Annual Stockholders Meeting scheduled for Tuesday, May 17, 2011 at 2 PM at the Seattle Museum of Flight. Alaska Air management has published the company's Definitive Proxy Statement (click on the link).
On Jan. 20, 2011, the US SEC granted a no-action letter to Alaska Air management to exclude the shareholder resolution "Executives to Retain Significant Stock" from a vote at this year's annual meeting. The proposal was sponsored by long time Alaska Air shareholder Mr. John Chevedden. Nonetheless, perhaps some ALK stockholders might be interested to read what they won't be voting on at the 2011 meeting...
Rule 14a-8 Proposal, submitted to Alaska Air November 11, 2010]
3 – Executives To Retain Significant Stock
RESOLVED, Shareholders urge that our executive pay committee adopt a policy requiring that senior executives retain a significant percentage of stock acquired through equity pay programs until two years following the termination of their employment (through retirement or otherwise), and to report to shareholders regarding the policy before our 2012 annual meeting of shareholders.
This comprises all practicable steps to adopt this proposal including encouragement and negotiation with senior executives to request that they relinquish, for the common good of all shareholders, preexisting executive pay rights, if any, to the fullest extent possible. As a minimum this proposal asks for a retention policy going forward.
Shareholders recommend that our executive pay committee adopt a percentage of at least 75% of net after-tax stock. The policy shall apply to future grants and awards of equity pay and should address the permissibility of transactions such as hedging transactions which are not sales but reduce the risk of loss to executives.
I believe there is a link between shareholder value and executive wealth that relates to direct stock ownership by executives. According to an analysis by Watson Wyatt Worldwide, companies whose CFOs held more shares showed higher stock returns and better operating performance (Alix Stuart, “Skin in the Game,” CFO Magazine (March 1, 2008).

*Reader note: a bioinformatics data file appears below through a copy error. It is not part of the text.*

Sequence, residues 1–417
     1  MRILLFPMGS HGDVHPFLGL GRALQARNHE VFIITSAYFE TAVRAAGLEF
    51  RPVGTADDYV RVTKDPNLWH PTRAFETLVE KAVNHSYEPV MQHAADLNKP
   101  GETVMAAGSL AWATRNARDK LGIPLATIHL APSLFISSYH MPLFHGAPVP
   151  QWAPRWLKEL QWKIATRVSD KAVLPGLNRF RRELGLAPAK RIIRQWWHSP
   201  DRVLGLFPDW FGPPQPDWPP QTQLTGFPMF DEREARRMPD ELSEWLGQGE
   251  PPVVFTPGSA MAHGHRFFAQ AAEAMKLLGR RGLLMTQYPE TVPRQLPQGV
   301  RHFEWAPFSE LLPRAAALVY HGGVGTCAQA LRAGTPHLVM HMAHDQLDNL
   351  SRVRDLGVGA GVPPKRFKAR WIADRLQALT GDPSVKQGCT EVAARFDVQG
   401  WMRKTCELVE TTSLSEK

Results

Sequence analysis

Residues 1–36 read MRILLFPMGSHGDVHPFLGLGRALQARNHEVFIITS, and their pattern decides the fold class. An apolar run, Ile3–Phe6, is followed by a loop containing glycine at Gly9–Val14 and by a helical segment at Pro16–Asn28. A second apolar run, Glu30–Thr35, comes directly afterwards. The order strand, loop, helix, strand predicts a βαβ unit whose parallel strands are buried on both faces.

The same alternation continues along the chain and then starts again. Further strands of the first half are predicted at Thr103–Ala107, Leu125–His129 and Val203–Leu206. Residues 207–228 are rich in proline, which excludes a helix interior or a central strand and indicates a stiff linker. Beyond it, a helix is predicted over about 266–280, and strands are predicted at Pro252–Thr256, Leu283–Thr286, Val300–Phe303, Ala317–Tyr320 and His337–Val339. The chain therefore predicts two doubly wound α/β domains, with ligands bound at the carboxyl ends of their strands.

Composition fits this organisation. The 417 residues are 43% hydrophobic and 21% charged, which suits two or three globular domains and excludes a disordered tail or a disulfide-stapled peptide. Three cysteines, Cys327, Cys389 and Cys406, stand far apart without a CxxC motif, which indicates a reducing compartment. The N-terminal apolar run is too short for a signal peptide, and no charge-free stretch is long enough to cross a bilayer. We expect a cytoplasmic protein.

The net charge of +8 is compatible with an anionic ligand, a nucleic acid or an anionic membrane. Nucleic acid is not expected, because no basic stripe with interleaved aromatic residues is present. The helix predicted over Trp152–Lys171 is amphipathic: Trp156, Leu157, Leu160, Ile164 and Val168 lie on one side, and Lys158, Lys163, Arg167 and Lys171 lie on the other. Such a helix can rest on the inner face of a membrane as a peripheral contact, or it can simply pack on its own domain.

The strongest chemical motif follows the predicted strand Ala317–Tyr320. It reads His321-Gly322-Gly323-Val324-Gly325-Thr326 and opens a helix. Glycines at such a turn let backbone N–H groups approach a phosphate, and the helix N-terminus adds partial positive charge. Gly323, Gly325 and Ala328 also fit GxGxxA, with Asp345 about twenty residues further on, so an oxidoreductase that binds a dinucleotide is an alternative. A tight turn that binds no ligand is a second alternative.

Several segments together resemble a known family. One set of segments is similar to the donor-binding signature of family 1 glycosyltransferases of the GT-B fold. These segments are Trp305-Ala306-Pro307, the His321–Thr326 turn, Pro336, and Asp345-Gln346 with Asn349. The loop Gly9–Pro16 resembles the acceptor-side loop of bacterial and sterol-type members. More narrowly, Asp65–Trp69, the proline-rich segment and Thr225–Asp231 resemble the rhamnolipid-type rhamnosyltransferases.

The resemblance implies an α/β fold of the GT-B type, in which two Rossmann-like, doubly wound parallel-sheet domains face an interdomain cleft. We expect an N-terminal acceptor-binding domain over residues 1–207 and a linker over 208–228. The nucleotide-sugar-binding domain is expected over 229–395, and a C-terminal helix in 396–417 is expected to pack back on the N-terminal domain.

Requiring senior executives to hold a significant portion of stock obtained
through executive pay plans after the termination of employment would focus
executives on our company’s long-term success and would better align
their interests with those of shareholders. In the context of the current financial
crisis, I believe it is imperative that companies reshape their executive pay
policies and practices to discourage excessive risk-taking and promote long-term,
sustainable value creation.
The merit of this Executives To Retain Significant Stock proposal should also be considered in the context of the need for additional improvement in our company’s 2010 reported corporate governance status:
Our Board failed to adopt a shareholder proposal which won majority vote at our 2008 annual meeting: Cumulative Voting (51%-support). We now have no shareholder right to cumulative voting or to act by written consent.
We gave 63%-support to a 2010 shareholder proposal for written consent. This 63%-support even translated into 52% of all shares outstanding. This was in spite of the fact that our management gave the proposal two conflicting numbers in our proxy materials.
Two directors (Marc Langland and Byron Mallott) had 18- to 27-years long tenure (independence concern) and represented 50% of our key nomination committee including the chairmanship. This raised concerns about board independence, director recruitment and succession planning.
Our board was the only the significant directorship for five of our directors.
This could indicate a significant lack of current transferable director experience
for half of our directors: Byron Mallott, Jessie Knight, Mark Hamilton, Patricia
Bedient and Marc Langland.
Please encourage our board to respond positively to this proposal to help turnaround the above type practices. Executives To Retain Significant Stock – Yes on 3.
(On temporary hiatus in 2010 from running opposing solicitation proxy contests: But Life goes on... and other actions are being sought to ensure Alaska Air stakeholders continue to work together for the mutual benefit of all.)
Gregory the Great pointed out that "love itself is knowing" (amor ipse notitia est) and later William of St. Thierry varied this saying slightly and deepening the thought appreciably, by writing that "love itself is understanding" (amor ipse intellectus est). Love alone allows us to know another. Only love permits us truly to understand the other as a unique person, yet acknowledge that we're all One in our common humanity. [A novelist's more modern insight: "It is only with the heart that one can see rightly; what is essential is invisible to the eye." -- Antoine de Saint-Exupery, French flyer, philosopher and writer]